Nursing on the Thai-Cambodian Border in 1979
Anne Watts trained as a nurse and midwife in the 1960's before joining the Save the Children Fund. Her chosen path took her on a journey of extremes. From war zones to refugee camps; burning deserts to frozen tundra; the stunning beauty of the Himalayas to tropical sunsets that take the breath away – Anne has learned lessons not taught in any classroom. Here, in an excerpt from her book, Always the Children, Anne shares a touching story from her time as a nurse based in Kampuchean Camp on the Thai-Cambodia border.
The Blue Dictionary - an excerpt from Always the Children by Anne Watts
1979, the Thai-Kampuchean border area - I was a nurse in a team sent out from London to provide help to the tens of thousands of displaced Cambodians. They were survivors of the 4 year Khmer Rouge regime, under the leadership of Pol Pot. To witness the ensuing degradation of torture, famine and mass murder was initially overwhelming. Thousands of people huddled in ragged, frightened groups, many dying on a patch of rough ground the size of St James’ Park. It became known as Sa Keao holding camp for displaced Khmer. As the scale of the tragedy became clearer, the level of logistical planning required seemed staggering. It was here that I learned how the major charities, working together, could restore order from chaos.
The Thai Army cleared ground for dirt roads; vast rolls of blue plastic were distributed providing temporary shelter from the unrelenting sun that was further dehydrating people with dysenteries; the omnipresent threat of cholera and typhoid loomed.
Convoys of trucks ferried water from a source 20 miles away, latrines were dug; donations from all over the world of medical and basic food supplies were trucked in from the airport. Order was restored and within 10 days a bamboo and thatch hospital with attendant clinics were ready for occupation. People counted into this camp numbered 42,000 – and there were many more tens of thousands strung out in other camps along the border area.
Slowly emerging from this man made tragedy came extraordinary stories of survival.
This is where I met 14 year old Vichuta (Vic). An undernourished child whose bright, intelligent eyes belied her poor physical condition. Aged only 10 when the Khmer Rouge took power, most of her immediate family had been executed. The child, like so many, survived brutality and famine, scavenging for food to keep herself alive. With medical care, safe water and extra food rations she quickly gained strength and became a lively member of our team. Her fluent French and English was enormously valuable. After serving for 1 year in Sa Keao, I returned home to Wales.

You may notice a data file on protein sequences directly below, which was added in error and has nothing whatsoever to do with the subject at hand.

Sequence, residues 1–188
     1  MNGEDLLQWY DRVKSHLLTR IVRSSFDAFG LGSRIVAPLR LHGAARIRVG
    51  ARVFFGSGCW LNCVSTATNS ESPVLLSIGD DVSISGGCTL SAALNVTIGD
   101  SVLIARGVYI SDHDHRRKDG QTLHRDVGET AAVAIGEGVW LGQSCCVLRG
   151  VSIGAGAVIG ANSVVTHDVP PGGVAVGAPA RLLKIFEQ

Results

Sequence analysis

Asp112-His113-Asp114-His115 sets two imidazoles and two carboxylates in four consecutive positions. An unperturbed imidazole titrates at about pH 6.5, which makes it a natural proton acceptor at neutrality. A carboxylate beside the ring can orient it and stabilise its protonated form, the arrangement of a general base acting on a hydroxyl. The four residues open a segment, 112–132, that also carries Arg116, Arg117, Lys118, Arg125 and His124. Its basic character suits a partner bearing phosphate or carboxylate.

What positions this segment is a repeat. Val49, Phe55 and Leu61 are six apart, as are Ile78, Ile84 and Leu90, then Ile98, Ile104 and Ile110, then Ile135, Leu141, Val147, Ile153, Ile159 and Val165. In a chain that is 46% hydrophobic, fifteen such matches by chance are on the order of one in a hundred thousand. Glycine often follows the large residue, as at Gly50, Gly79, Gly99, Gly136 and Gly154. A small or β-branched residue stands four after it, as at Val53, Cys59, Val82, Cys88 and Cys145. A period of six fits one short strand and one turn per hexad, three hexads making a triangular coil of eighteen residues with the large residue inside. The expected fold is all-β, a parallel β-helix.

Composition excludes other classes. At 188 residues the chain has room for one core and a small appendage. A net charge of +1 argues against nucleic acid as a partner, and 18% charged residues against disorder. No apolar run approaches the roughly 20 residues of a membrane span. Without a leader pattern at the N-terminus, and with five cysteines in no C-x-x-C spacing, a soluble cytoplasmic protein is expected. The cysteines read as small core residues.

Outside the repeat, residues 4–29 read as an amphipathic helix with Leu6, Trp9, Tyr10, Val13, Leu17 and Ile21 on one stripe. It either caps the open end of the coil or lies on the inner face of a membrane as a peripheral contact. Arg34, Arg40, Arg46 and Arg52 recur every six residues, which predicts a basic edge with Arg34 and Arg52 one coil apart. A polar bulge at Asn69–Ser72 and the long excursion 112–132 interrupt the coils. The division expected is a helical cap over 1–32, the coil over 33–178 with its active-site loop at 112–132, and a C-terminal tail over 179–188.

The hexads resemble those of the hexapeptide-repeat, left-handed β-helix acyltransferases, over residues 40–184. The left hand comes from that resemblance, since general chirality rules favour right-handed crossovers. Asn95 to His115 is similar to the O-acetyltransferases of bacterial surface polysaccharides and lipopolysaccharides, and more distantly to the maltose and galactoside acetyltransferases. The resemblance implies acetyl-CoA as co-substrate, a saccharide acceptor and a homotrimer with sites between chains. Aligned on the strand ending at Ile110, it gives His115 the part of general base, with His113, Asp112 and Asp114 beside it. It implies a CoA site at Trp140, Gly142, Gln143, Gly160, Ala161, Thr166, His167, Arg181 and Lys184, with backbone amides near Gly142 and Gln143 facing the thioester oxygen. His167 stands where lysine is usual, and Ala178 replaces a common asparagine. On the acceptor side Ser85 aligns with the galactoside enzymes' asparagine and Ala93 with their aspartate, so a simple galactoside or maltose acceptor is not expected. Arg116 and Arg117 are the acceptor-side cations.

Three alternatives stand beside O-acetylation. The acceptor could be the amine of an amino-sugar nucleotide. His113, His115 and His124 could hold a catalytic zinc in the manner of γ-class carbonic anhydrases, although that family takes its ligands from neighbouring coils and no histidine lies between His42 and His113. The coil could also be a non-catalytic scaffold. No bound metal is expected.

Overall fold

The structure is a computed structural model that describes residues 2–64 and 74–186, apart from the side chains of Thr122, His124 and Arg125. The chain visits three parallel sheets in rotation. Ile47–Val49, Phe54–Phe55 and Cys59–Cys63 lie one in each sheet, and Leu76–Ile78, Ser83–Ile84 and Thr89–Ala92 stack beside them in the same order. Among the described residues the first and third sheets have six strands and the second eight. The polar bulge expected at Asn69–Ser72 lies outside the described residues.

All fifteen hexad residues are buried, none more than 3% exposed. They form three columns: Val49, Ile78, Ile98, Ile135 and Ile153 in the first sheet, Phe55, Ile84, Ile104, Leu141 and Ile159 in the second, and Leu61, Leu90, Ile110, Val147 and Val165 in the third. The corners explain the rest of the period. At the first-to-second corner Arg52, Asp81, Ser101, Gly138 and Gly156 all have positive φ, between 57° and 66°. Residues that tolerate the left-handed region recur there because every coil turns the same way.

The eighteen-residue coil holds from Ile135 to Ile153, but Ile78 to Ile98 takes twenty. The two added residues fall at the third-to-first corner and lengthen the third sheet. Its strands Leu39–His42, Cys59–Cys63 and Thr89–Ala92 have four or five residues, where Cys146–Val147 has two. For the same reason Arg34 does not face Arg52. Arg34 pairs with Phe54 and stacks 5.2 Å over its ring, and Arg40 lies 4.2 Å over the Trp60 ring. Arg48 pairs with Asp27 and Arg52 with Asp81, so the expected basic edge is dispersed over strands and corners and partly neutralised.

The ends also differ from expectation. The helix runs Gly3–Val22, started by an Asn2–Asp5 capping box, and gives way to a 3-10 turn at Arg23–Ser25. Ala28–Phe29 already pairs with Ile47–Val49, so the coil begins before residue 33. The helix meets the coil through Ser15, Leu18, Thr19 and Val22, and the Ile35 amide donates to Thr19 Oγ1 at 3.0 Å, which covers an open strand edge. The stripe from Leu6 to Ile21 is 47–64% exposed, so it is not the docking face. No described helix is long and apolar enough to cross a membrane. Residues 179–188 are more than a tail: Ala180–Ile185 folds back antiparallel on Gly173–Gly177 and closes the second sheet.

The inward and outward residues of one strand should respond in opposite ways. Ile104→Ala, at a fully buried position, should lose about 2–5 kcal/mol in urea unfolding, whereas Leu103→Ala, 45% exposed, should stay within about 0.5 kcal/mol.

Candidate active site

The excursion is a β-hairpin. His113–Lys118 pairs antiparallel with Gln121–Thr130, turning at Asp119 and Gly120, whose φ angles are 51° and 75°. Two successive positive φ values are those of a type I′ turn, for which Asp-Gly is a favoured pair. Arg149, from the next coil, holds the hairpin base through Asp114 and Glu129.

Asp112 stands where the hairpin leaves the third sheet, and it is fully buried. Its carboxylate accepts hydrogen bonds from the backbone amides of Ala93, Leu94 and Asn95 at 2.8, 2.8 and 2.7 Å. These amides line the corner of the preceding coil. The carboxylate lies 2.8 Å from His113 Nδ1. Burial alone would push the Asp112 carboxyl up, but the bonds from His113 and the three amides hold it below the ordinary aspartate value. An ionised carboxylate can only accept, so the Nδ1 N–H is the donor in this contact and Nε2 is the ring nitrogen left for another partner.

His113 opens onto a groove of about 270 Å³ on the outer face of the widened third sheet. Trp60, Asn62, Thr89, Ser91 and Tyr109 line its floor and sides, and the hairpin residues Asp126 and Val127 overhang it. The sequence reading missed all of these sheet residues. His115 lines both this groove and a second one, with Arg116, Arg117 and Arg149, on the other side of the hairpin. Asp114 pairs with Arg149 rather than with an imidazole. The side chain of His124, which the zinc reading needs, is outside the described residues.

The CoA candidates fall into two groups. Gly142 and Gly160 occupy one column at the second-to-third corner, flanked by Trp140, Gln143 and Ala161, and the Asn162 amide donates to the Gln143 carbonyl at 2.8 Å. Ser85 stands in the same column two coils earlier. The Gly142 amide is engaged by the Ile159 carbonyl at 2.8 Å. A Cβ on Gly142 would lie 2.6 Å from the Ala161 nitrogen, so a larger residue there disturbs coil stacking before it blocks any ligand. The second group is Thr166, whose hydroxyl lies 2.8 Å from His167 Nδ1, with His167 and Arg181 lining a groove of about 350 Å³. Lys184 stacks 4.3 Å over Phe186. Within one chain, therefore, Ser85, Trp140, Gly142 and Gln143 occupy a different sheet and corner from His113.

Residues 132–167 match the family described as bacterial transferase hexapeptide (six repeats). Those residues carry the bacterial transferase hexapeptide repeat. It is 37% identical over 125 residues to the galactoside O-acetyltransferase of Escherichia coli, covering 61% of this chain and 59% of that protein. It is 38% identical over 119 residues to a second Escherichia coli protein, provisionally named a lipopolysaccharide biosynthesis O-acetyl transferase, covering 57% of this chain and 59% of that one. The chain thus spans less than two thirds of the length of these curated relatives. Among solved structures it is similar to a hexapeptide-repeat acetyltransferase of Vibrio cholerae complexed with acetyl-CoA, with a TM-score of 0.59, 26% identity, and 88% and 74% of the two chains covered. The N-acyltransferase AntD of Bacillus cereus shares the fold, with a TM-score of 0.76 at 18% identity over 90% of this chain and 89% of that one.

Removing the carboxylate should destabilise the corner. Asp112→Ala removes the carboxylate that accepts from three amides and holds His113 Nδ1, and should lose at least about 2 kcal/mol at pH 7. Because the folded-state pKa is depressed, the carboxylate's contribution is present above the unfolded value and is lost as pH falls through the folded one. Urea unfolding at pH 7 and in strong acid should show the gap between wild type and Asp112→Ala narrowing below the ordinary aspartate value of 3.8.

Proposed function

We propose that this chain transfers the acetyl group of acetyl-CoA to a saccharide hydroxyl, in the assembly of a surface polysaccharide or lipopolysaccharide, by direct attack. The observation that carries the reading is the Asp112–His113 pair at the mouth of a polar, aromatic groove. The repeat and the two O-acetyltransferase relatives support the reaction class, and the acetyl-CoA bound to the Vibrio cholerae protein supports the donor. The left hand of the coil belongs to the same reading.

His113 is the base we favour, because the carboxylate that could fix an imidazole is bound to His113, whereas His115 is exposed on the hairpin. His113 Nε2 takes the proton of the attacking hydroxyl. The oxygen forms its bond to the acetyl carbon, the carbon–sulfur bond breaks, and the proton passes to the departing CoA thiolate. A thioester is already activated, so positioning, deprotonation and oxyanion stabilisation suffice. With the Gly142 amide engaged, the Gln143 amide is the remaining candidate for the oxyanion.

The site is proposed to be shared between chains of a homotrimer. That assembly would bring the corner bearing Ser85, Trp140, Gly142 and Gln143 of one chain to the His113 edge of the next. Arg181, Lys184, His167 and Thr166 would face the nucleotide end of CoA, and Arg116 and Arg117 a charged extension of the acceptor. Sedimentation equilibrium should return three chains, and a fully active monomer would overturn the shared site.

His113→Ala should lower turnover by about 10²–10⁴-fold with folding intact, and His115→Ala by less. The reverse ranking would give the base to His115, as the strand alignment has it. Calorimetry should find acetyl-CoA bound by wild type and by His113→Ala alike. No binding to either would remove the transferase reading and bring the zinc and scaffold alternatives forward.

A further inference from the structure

2004, Pnom Penh - 24 years after leaving the camp, I returned to Pnom Penh to meet up with a few Cambodians I had kept in touch with. Quite unexpectedly, I was reunited with Vic – now 38 years of age. Over lunch she told me what had happened to her. Given asylum in Canada, she completed her schooling in Montreal, gained a law degree at university and returned to Cambodia to see how she could help.
Setting up her own charity, she now provides free legal aid to those rescued from human traffickers who sell children and women into lucrative trade of sexual and labour exploitation; into servile marriage; into black market organ removal and those suffering domestic abuse and rape. Vic told me her father had been Chief Justice of Cambodia when the Khmer Rouge took over the country. He and her immediate family were executed.
She asked me if I remembered giving her a dictionary one day in the early days of the camp. At first I was perplexed. As a camp moves on from being a medical emergency it becomes a social dilemma. No child should be raised in such conditions, behind barbed wire – thinking this is the norm. In an attempt to structure the days, playgroups and school classes need to start happening. With the help of British volunteers in Bangkok – they kept us supplied with pens, exercise books, crayons, paints and games. Vic reminded me of a box of multicoloured dictionaries that I brought in one day. How I had given her a blue dictionary.
To my amazement she said “I still have that dictionary. As you handed it to me that day, I took it as a sign from my father. He always used to tell us children to focus on our education. That is what would give us a good life. I knew it was time to begin studying again. That dictionary gave me back my life. Thank you Anne.”
2010, London - Busy in London with the launch of my first book, I sent an email to Vic in Pnom Penh. I told her how at long last the story of Sa Keao would be told; that the launch party was on June 10th and how I would think of her and others on that evening. Three days later Vic replied “Do you know a station called St Pancras? We will arrive on Eurostar at 1.15pm. We would not miss this for anything.”
I was deeply touched. Standing at St Pancras arrivals I wondered if I would recognise Vic, - would she recognise me? I need not have worried. As the doors slid back and the first wave of Eurostar passengers flooded through, I saw an arm raised high toward the back of the crowd – and clutched in the hand was the blue dictionary.
Inside a Thai Refugee Camp >
Written by Thai Children's Trust